Oil prices edged lower on 19 June after U.S. crude futures closed at a nine-month high above $69 (Rs2,813) a barrel in the previous session, but unrest in Nigeria continued to pressure the market.
Light, sweet crude for July delivery lost 12 cents to $68.97 a barrel in electronic trading on the New York Mercantile Exchange, midday in Europe.
The contract had risen $1.09 on 18 June to $69.09 a barrel after Nigerian oil unions called a strike for this week amid continuing unrest and violence in the country’s oil producing regions. A Nymex front-month contract last closed above $69 on 1September.
Brent crude fell 10 cents to $72.08 a barrel on the ICE Futures exchange in London. Analysts said the news out of Nigeria on 18 June prompted large funds to buy energy futures, driving prices higher.
“I think it’s just profit taking,” said Tetsu Emori, chief commodities strategist at Mitsui Bussan Futures in Tokyo, speaking of Tuesday’s drop. The overnight jump in oil prices is not reflective of the demand-supply picture, he said.
“It’s quite difficult to understand why oil prices rise so high when crude oil supplies are still enough,” Emori said. Others, however, said any disruption, no matter how small, could boost prices.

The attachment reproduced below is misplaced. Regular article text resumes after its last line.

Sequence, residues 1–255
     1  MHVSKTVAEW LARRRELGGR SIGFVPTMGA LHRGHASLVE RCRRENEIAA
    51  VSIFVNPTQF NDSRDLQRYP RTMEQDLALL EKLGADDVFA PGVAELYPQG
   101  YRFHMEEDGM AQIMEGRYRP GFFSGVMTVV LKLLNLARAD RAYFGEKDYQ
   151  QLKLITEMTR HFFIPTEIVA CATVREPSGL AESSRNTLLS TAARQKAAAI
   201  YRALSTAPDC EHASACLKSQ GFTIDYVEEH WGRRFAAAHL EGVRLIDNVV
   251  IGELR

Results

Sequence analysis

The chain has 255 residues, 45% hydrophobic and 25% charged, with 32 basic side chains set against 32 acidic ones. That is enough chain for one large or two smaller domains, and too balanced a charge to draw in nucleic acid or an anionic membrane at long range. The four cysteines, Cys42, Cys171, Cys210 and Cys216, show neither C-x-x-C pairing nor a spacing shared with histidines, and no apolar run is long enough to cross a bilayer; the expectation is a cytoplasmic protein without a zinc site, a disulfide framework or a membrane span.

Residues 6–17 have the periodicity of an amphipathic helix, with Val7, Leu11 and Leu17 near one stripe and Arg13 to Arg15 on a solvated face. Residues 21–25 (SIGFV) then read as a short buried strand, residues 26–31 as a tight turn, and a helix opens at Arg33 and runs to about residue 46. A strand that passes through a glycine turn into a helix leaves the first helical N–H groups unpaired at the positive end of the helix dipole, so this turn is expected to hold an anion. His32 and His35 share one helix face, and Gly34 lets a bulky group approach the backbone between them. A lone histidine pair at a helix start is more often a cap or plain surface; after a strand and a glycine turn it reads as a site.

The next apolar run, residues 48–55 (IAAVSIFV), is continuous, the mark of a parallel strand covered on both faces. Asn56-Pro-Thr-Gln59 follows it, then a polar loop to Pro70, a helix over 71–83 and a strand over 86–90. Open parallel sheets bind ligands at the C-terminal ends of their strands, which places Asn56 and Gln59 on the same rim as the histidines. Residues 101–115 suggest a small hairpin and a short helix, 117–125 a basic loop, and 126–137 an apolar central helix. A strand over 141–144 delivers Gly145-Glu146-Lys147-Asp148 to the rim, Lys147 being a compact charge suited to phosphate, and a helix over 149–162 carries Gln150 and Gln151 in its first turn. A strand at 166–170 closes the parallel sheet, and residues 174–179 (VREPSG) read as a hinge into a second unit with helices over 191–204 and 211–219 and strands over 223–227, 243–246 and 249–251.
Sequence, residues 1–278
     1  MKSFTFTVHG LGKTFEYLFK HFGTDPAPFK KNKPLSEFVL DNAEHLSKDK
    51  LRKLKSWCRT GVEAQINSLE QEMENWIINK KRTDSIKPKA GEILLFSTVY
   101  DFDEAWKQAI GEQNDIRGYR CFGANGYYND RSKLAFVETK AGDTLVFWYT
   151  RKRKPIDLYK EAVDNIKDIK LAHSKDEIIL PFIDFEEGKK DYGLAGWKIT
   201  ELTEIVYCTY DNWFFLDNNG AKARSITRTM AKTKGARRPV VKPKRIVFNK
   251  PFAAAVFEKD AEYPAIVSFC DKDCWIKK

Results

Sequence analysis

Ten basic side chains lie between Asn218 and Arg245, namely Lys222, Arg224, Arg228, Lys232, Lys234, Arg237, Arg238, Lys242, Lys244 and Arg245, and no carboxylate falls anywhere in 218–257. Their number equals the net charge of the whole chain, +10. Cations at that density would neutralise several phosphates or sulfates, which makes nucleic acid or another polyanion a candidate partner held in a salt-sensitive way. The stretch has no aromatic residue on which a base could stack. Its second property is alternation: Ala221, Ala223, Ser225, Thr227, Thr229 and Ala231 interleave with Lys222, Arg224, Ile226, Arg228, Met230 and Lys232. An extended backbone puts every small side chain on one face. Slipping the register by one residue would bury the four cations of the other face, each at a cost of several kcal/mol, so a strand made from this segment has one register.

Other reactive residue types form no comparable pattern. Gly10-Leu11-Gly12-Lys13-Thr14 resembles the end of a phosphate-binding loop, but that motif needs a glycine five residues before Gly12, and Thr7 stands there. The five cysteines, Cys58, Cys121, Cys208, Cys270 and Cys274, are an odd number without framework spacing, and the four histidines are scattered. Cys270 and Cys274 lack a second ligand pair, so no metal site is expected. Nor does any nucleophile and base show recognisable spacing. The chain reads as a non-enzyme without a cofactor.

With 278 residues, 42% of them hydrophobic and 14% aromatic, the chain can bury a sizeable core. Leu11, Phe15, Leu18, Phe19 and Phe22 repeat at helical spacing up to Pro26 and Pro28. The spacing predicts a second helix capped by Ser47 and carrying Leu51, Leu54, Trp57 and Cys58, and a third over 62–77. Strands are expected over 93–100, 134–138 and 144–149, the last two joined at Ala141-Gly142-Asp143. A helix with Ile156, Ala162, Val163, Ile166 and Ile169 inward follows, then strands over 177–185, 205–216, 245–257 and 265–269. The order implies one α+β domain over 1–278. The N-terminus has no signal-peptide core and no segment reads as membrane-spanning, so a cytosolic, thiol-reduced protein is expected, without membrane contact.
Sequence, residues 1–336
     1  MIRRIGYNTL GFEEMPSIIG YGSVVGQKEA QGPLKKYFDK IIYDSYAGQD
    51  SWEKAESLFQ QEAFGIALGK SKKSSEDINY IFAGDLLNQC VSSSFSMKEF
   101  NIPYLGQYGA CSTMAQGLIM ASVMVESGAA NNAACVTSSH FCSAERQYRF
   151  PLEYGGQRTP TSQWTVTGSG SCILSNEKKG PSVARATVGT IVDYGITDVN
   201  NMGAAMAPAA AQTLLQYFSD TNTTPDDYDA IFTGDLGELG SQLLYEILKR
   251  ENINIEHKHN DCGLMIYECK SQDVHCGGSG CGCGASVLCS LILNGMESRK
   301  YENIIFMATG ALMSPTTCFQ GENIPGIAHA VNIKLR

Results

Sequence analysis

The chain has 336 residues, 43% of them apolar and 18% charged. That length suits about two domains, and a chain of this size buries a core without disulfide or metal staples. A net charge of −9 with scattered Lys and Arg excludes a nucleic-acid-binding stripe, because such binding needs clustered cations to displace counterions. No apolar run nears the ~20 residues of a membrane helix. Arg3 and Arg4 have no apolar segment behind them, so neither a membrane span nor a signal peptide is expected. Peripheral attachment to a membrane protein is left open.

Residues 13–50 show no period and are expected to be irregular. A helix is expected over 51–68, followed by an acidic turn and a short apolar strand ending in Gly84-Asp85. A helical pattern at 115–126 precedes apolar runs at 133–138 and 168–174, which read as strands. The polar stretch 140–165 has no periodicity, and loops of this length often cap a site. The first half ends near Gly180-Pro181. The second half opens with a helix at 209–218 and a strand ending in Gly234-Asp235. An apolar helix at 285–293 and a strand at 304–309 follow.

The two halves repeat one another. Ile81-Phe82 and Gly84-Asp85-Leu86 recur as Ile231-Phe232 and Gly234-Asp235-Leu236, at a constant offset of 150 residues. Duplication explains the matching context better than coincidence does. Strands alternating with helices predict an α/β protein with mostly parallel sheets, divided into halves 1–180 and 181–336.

“In a bullish market, every thimble full of oil counts,” said Peter Beutel, president of U.S. energy risk management firm Cameron Hanover. “Every little bullish feature will loom large.”
Attacks by villagers and gunmen that cut supply on two Nigerian oil facilities helped drive the price increase on 18 June.
Hundreds of angry villagers chased workers away from a Chevron Corp. oil-transfer facility on 18 June in southern Nigeria and occupied the premises to try to get money they say is owed by the oil industry.
Gunmen also seized some two dozen Nigerian workers and security forces at a flow station operated by Italian energy giant Eni SpA’s subsidiary Agip.
Nigerian oil unions called a general nationwide strike to begin on 20 June in protest of a government price hike on automobile fuel, but there are signs the strike could be called off as union leaders are studying a government counteroffer.
The government offered to halve its increase on automobile fuel and repeal a hike on the value-added tax, both of which have already gone into effect.
Emori said the market had already taken into account the supply risks posed by the general unrest in Nigeria, Africa’s biggest oil producer and one of the top overseas suppliers to the United States.
“We have to understand that the world’s oil production capacity is at a historic high,” Emori said. “That means that (producers) can quickly produce crude if there is a big drop” in global supply, he said.